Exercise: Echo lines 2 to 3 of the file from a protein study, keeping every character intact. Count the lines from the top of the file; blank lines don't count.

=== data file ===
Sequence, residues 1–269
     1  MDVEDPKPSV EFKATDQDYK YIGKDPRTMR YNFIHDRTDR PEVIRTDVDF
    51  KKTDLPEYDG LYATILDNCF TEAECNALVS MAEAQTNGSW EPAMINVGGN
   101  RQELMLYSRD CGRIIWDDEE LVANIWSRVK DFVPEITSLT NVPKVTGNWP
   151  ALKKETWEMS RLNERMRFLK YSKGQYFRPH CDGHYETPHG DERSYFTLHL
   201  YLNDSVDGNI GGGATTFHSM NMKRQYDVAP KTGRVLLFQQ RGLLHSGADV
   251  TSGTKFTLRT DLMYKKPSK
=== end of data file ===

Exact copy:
     1  MDVEDPKPSV EFKATDQDYK YIGKDPRTMR YNFIHDRTDR PEVIRTDVDF
    51  KKTDLPEYDG LYATILDNCF TEAECNALVS MAEAQTNGSW EPAMINVGGN